Leasing activity and Renter enquiries bounce back

5 min read

Property managers are tracking a surge in demand for Melbourne rental properties as leasing activity and Renter enquiries come back strongly.

Martin Sizer, Nelson Alexander’s Head of Property Management, says leasing activity was very strong in late January and February and is expected to build through 2022.

“Our property managers are seeing people who may have moved back to live with Mum and Dad but are now deciding that they are ready to get back into a share house,” he says.

“People are back looking at property – and I am actually quite bullish about the outlook for rental demand and for improved returns for property investors.”

In addition to young people and tertiary students looking for accommodation, other Renter categories – such as families and executives and workers transferring from interstate – are also displaying stepped-up interest in signing new leases.

While the start of the year is traditionally the peak season for leasing activity in Melbourne, there appears to have been a surge in Renter confidence in 2022 after two years of uncertainty driven by the pandemic lockdowns.

Mr Sizer says prior to Covid the all-time record for Nelson Alexander’s Fitzroy office staff renting out individual properties (in Fitzroy, Fitzroy North, Clifton Hill and Abbotsford) was 84 properties rented in a month.

By contrast, he says that in one week at the start of this year, the Fitzroy office rented out 33 rental units and houses – a concrete sign the market was bouncing back to robust health.

The pick-up in demand from Renters is borne out by statistical analysis of Melbourne’s market by several property analyst groups.

According to the Domain Group’s national rental market report for the three months to December last year, Melbourne house rents jumped by $15 (3.5 per cent) over the quarter to a new record high of $445 a week.

This is the first quarterly increase since September 2020.

Despite the rise, Melbourne remains Australia's most affordable capital city to rent a house, posting the weakest annual growth of all the capital cities, at 1.1 per cent – which analysts view as another factor encouraging prospective Renters to enter into new lease agreements.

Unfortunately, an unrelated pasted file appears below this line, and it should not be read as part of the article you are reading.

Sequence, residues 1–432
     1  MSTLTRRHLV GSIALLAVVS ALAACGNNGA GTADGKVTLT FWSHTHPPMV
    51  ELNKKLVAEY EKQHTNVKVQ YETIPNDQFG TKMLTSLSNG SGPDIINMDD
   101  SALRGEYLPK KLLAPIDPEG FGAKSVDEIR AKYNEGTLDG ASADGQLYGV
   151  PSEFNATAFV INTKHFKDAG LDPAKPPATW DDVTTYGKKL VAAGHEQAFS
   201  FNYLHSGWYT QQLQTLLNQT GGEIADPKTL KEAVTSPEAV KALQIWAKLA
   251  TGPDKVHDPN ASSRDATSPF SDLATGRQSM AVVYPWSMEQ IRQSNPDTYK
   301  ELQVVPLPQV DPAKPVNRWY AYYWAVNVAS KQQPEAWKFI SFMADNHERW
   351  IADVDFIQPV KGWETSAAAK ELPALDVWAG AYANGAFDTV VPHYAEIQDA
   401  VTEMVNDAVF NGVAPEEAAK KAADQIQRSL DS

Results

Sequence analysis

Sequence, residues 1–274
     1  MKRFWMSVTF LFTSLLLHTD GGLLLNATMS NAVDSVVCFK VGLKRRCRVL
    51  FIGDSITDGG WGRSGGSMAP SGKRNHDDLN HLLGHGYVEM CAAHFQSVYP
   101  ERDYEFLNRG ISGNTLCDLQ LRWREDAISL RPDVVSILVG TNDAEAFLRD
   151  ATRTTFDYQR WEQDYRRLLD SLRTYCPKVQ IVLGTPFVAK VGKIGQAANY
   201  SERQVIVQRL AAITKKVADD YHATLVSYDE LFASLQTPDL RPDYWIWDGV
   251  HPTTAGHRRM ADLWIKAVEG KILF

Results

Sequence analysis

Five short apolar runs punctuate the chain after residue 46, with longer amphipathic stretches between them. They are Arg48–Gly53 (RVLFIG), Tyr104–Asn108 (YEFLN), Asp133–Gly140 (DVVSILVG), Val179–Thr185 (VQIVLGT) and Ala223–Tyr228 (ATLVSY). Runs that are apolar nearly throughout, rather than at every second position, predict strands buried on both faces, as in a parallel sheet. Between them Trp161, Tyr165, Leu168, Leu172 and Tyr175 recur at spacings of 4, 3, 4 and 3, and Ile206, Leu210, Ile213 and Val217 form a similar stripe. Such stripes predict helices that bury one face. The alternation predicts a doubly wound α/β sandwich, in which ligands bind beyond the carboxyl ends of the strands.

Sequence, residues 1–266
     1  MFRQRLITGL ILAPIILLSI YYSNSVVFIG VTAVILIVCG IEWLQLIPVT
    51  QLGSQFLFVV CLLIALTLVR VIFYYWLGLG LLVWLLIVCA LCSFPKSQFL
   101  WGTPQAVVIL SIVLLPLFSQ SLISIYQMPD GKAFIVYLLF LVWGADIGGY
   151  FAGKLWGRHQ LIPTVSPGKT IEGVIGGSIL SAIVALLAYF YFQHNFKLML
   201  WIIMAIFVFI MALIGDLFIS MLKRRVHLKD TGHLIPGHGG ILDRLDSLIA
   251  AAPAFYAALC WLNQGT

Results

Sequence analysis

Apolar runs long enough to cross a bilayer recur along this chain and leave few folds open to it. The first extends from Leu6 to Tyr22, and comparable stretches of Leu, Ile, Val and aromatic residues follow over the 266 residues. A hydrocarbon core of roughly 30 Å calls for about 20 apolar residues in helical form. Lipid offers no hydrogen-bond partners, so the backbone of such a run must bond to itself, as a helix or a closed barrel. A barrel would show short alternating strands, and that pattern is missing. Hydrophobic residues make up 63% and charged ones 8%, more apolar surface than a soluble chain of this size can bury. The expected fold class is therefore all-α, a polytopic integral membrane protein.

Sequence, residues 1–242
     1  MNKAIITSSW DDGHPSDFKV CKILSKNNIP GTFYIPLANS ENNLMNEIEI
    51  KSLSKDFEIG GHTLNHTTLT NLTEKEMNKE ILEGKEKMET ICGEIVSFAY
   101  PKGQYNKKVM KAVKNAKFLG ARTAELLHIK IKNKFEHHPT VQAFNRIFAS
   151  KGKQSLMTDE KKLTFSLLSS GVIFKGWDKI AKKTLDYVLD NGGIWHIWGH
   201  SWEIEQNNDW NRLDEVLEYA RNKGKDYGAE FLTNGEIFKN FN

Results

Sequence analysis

Domain’s Senior Research Analyst Dr Nicola Powell says unit rents in Melbourne increased $5 over the quarter to $375 a week, but they remain $55 below the March 2020 high.

“This is the first time in almost five years unit rents have recorded two consecutive quarters of growth,” she notes.

“House rents have recouped all the Covid price dip to hit a new record high, and this has resulted in a record price gap between houses and units.

“Melbourne’s rental market has edged into recovery with asking rents once again on the rise.”

The report reveals that unlike other capital cities Melbourne has battled extensive lockdowns, driving many Melburnians to become Covid escapees. In addition, international border closures have hampered overseas migration and foreign student numbers, which hit rental demand in 2020 and 2021.

“Influencing the recovery in rents has been a combination of weaker investment activity and some investors selling, the resumption of short-term travel, a shift in Renters to more affordable inner-city rentals, and greater household formation,” Dr Powell says.

“Once international borders fully reopen, rental demand will spiral, particularly in Melbourne which has historically welcomed more overseas migrants. Australia is amid a skills shortage, a targeted migration approach from the government will be one lever to plug this gap. The return of overseas migrants, international students, and particularly skilled highly paid migrants will add to rental demand.”

The Federal Government reopened Australia’s borders on February 21, but it will take some months for the arrivals of international students to improve.

“There is reason to be optimistic, “Mr Sizer says. “ We are seeing more properties coming on board, and the reopening of our international borders will stimulate demand from overseas students.

“Among professional property managers, there is an air of anticipation that we are getting back to normal. The people who would normally lease properties at this time of year are thinking that it is perfectly safe to start leasing.”

At the height of the pandemic, renters were often able to negotiate cheaper rents, particularly in inner Melbourne, as apartments stayed empty and on the market for months.

But analyst CoreLogic says rents in the inner city have jumped by 12.4 per cent in the past year, with growth particularly strong between November 2021 and February this year.

Core Logic Head of Research Tim Lawless says rents in Docklands and the Melbourne CBD were up 6.6 per cent and by 6.2 per cent in Southbank in the last quarter of 2021.

However, rents in these areas are still well down on pre-Covid rents.

Mr Lawless says rental affordability after the Covid whack is now a driving factor in the appeal of precincts like the CBD and Docklands, with higher density living now back on the agenda amid strong vaccination rates.

“You’d have to say these trends would continue if not gather some pace,” he adds.

According to Mr Sizer, the pandemic and lockdowns have forced big changes in the way people rent properties.

He says private inspections, particularly during business working hours, have become far more important to thousands of prospective Renters.

“The ability to show properties privately, at times that suit the Renters, has become critical,” he says. “With flexible working and so many people working from home, private inspections are a trend that’s here to stay – and it heightens the importance of having an on-call property manager looking after your investment property.”

If you would like to discuss your property management needs in detail, please contact any Nelson Alexander office.

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